EU Policy. Revealed: MEPs’ millions in outside earnings

Guy Verhofstadt at a European Parliament meeting in 2019
Guy Verhofstadt at a European Parliament meeting in 2019 Copyright AP Photo
Copyright AP Photo
By Jack Schickler
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Transparency International has called for stricter controls on EU lawmakers, as a report shows many hold lucrative positions with firms that also lobby Brussels.


MEPs collectively earn more than €8.6 million a year from outside jobs – including from private companies that also actively lobby on EU policy, according to a report published by Transparency International EU today (6 May).

The group has called for EU lawmakers to be banned from moonlighting, as figures show over two thirds of the 705 deputies disclose activities in addition to their core role.

In some cases, they earn more from outside activities than they do from their MEP salary of €10,000 a month, and sit on boards of corporations intimately connected with their day jobs, the study found.

The EU last year tightened its rules in the wake of Qatargate, a scandal over alleged foreign influence on the legislative process – and the reform means lawmakers now publish more fine-grained details of outside earnings.

But for Transparency International EU, the new rules still don’t go far enough to avoid conflicts of interest.

Top of the list

Topping the list is Lithuanian MEP Viktor Uspaskich, who declares €3,000,000 per year working for a company called Edvervita UAB.

The company has been reported in local media as owned by Uspaskich and his children, and with links to significant commercial property interests in Russia.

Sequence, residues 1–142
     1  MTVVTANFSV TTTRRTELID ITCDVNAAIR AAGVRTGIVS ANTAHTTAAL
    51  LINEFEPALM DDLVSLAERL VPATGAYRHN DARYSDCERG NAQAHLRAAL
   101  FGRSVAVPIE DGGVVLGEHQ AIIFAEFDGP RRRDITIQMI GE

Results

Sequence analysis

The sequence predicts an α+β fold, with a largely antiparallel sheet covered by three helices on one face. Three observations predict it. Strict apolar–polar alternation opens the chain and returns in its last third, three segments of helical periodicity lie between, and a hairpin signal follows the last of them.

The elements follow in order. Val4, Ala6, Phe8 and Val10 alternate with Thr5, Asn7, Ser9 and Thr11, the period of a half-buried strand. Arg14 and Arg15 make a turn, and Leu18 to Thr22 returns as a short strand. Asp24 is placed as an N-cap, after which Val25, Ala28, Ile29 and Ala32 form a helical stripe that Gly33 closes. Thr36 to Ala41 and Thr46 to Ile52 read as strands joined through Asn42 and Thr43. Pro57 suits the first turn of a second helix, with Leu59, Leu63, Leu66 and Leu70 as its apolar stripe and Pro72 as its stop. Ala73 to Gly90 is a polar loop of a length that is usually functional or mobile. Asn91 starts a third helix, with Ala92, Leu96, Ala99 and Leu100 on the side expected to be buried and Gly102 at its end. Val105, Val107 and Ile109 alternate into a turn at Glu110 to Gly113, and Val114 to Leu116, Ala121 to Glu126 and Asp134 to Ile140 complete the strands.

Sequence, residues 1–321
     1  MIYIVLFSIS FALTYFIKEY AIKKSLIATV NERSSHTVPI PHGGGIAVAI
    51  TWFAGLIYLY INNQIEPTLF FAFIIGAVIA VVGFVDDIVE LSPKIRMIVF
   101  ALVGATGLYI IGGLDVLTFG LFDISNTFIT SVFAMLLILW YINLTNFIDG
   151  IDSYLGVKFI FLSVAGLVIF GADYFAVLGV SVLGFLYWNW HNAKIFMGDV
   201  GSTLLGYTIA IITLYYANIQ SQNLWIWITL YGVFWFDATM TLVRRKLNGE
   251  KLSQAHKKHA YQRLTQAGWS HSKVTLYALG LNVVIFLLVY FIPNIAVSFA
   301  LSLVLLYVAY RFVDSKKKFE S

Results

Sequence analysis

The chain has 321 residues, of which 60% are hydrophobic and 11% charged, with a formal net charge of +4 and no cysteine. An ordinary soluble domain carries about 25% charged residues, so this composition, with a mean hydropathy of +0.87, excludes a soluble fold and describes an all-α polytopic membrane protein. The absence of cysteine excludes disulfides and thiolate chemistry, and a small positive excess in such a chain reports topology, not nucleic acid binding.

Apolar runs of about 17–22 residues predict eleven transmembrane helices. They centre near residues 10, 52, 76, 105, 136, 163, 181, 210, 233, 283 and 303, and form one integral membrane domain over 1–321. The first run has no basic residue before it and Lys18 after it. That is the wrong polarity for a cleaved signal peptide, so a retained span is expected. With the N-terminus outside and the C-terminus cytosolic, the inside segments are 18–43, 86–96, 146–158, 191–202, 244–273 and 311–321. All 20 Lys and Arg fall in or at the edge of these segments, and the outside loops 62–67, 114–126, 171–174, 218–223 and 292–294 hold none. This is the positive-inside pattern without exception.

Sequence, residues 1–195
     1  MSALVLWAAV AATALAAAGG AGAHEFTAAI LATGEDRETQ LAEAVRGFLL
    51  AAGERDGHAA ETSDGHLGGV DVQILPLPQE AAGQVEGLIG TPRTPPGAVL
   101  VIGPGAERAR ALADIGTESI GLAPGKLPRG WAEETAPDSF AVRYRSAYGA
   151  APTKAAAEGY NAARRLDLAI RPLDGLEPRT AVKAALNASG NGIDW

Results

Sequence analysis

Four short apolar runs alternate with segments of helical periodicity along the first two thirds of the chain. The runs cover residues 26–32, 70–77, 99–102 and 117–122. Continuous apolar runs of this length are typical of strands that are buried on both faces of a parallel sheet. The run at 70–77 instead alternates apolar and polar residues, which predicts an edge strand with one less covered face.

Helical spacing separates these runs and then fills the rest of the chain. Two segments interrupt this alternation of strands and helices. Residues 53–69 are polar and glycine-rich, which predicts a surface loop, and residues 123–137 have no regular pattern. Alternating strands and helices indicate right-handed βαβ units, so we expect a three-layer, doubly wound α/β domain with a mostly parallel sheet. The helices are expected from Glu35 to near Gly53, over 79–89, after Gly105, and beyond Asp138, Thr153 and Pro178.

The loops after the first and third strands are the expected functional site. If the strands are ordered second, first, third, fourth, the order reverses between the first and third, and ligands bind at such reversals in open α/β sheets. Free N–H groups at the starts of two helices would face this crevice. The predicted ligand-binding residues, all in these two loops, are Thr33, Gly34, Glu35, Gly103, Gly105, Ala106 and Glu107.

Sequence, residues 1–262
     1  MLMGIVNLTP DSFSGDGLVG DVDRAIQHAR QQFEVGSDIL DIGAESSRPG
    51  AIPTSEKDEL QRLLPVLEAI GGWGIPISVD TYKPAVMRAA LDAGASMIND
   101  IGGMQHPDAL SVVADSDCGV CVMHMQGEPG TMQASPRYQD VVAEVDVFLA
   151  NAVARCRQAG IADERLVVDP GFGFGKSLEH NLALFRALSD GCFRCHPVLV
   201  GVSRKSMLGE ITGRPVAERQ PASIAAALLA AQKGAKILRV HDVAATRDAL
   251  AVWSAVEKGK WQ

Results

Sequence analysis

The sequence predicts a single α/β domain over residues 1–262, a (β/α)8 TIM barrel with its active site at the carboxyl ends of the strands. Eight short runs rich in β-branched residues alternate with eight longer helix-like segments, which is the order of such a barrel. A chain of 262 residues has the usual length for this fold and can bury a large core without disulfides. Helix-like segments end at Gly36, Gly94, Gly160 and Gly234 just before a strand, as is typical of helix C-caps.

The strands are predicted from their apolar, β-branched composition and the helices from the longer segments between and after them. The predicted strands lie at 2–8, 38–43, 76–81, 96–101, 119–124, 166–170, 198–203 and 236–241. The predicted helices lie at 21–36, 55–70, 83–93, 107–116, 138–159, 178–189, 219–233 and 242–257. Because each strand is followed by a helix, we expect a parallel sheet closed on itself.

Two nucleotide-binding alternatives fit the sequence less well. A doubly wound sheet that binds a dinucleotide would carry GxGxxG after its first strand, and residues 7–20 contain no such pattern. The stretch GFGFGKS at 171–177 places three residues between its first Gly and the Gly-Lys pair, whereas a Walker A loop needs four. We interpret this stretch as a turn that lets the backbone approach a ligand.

Uspaskich, who was recently kicked out of the centrist Renew Europe grouping for homophobic remarks, did not respond to a request for comment on the nature of his relationship to the company.

While Uspaskich’s eye-catching earnings appear to come from his own firm, others are paid to advise the boards of established companies. 

Also high on the list is Germany’s Manfred Weber, who declares just over €14,000 a month, mainly from his role as president of the European People’s Party.

Further down, Monika Hohlmeier (Germany/European People’s Party) earns around €75,000 per year for her work for agriculture and energy company BayWa AG, while Axel Voss (Germany/EPP) gets €54,000 as a data protection advisor at Deutsche Telekom and from law firm Bietmann, the group calculates.

EU rules allow MEPs to have outside jobs – but they’re not permitted to work as lobbyists, so waters are muddied when they work for companies that also seek to influence Brussels policy, Euronews was told.

“Perhaps the MEP itself is not involved in this part of the activities” linked to lobbying, Raphaël Kergueno, senior policy officer at Transparency International EU, told Euronews, adding that “the more we have these kind of loopholes, the harder it becomes to actually enforce even the rules that we have.”

BayWa is registered on the EU’s database of registered lobbyists as having an interest in agriculture policy, while Deutsche Telekom’s listing cites data protection and artificial intelligence as relevant policy areas.

Hohlmeier, who chairs the Parliament’s budget control committee, has submitted amendments on agricultural policy during her time as MEP; Voss’ report for the Parliament’s committee on artificial intelligence is peppered with references to privacy issues.

In a statement emailed to Euronews, Voss said, "My activities connected to the declared additional income are rarely connected to my role as MEP."

"When they are, I comment on already completed legislation and their legal interpretation, which does not constitute a conflict of interest," Voss added. 

But those MEPs aren’t the only ones whose outside activities might raise eyebrows.